Michelle Joyce Bond


Leave Space for the Reader to Inhabit

image          A plot—no matter what the genre—should be like a jigsaw puzzle: complex and satisfying to piece together. Stop turning it into puzzle blocks.

          “Careful! The square block goes there!”

          “I know. Put down the megaphone.”

          This kind of hand-holding is apparently the mark of a novice writer.  Limited to a scene, it often takes the form of telling rather than showing.

          Bad: She could see in his penetratingly awesome eyes that he loved her.

          Worse: It was clear that he really loved her. “Kiss me, baby,” he said, throwing his arms wide.

          Please, DO NOT tell how your character is feeling. Show it. Be subtle—especially when tackling something as multi-faceted and unique-to-character as love. Oh, and as a rule, try not to use the word “love” when writing about it.

          On the scale of an entire novel, the concept of “leaving space” applies to your characters’ development. This means that you are (or should be) revealing backstory in pieces—carefully calculated bits that give readers the exact amount of information they need in order to understand what they are witnessing. No more. No less.

          This also means that you are (or should be) giving us hints to your characters’ endpoints—exactly what will they be like by the end of the book? How will they change (or not change)?  Watching this evolution should be exciting for the reader, and surprises are welcome. Some genres dictate a specific endpoint for characters, but that doesn’t mean you can’t shake it up on the way there or challenge the troupes of your genre.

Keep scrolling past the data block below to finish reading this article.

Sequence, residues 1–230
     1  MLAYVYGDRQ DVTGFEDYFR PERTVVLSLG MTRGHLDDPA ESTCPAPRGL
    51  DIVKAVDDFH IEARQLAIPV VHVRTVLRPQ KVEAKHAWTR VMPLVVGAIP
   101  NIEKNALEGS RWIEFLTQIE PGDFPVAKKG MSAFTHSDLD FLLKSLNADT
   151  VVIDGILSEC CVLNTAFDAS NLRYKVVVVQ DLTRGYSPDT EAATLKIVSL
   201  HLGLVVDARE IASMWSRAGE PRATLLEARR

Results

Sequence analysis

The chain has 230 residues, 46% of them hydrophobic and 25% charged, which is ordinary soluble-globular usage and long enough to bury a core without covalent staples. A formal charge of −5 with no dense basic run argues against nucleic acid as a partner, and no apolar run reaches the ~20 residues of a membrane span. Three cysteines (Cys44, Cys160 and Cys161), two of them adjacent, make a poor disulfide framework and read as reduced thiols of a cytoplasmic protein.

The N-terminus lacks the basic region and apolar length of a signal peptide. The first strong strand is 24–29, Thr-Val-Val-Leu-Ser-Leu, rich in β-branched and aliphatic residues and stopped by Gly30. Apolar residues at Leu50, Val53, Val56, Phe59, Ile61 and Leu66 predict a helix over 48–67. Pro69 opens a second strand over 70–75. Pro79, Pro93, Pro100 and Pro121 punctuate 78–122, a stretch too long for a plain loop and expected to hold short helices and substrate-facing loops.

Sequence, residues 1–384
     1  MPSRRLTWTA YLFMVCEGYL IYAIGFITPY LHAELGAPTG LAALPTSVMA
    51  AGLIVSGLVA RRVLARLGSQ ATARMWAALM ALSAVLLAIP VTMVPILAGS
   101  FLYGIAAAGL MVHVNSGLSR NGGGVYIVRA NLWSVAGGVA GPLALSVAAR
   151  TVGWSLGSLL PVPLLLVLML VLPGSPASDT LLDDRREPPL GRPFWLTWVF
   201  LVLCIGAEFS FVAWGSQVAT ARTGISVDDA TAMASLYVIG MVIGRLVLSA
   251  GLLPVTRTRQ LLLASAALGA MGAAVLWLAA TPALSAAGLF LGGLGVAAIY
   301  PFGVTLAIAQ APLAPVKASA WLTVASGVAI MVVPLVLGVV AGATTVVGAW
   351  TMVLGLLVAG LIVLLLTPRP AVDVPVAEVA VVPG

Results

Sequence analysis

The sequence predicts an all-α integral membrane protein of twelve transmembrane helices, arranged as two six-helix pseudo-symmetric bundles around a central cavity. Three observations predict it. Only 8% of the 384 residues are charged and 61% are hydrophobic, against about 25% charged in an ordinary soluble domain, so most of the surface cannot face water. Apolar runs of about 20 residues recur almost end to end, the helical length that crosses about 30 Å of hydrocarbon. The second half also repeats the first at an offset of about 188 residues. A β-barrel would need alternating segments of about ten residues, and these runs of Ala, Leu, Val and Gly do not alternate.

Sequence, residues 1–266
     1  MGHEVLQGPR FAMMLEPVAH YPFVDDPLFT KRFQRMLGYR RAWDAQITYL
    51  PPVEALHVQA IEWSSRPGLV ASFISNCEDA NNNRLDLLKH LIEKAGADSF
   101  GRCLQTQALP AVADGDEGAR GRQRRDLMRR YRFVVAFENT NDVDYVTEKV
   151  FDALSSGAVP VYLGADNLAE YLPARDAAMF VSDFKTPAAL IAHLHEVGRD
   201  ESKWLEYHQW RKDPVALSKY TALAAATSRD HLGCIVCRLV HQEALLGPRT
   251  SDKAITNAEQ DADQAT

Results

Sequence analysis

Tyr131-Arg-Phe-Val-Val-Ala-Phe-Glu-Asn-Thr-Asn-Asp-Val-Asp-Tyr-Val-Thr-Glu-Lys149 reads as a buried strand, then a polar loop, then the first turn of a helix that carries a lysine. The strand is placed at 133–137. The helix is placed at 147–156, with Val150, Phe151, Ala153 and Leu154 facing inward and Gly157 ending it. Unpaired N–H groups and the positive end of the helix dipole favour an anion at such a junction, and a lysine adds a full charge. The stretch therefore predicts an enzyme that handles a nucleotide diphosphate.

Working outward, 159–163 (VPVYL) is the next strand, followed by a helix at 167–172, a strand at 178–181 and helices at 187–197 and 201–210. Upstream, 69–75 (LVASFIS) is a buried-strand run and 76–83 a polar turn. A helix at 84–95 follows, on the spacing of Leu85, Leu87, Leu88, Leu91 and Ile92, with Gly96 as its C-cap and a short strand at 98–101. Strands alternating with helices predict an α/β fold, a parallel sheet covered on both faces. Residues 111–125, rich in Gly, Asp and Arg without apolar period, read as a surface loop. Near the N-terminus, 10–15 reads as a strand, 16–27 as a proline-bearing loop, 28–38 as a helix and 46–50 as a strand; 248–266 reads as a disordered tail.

Remember, it is your job to entertain. If you are standing next to me and shouting in my face that your character, Bob, is feeling lonely, desperate, and is about to do something very, very bad…I’m sorry. I’m just not as interested as if I just saw a figure with a flash of silver in her hand disappear into the darkness. I want to follow that character. In her story, there is space for me to breathe. And a reason to follow.

          Do you struggle to leave space for the reader to inhabit?

          Also, have you read any books that strike that perfect balance, pulling us along with the promise of learning more?

          Michelle Joyce Bond

Stick Figures

Bad Metaphor Monday: Weeding My Manuscript

imageIf writing a first draft is like planting a couple of marigolds…

and if revising is like ripping out those marigolds, moving them around, and going back over time to add in more varied, layered, vegetation so that everything tangled beautifully together as in an old English garden…

and if you finally realize your damn garden’s too big…

then re-editing is like finding the unnecessary vines, carefully following them to their source, and then ripping them out.

Thanks to the encouragement of my awesome critiquing partner, I finally came to terms with my way too long 133,000 word manuscript, and though I’m still short of my goal, I was able to rip out 16,000 words.  In the past, I’d deleted bits and pieces here and there, but I had to think bigger.  Out came almost three chapters, one secondary character (killed that darling dead), four tertiary characters, and a mess of other not-so-bad-but-uneeded details.

The result?  It’s so much tighter!  I didn’t think I could do without the above for so long, but once I started cutting, I got on a roll.  Now I’m seeing my manuscript through different eyes.  How much more can I cut?  I’m hoping to get down to 110,000, but we shall see.

Shout out below if you’ve ever had to cut a huge amount of words or if you know you have to.  I’ll cheer you on!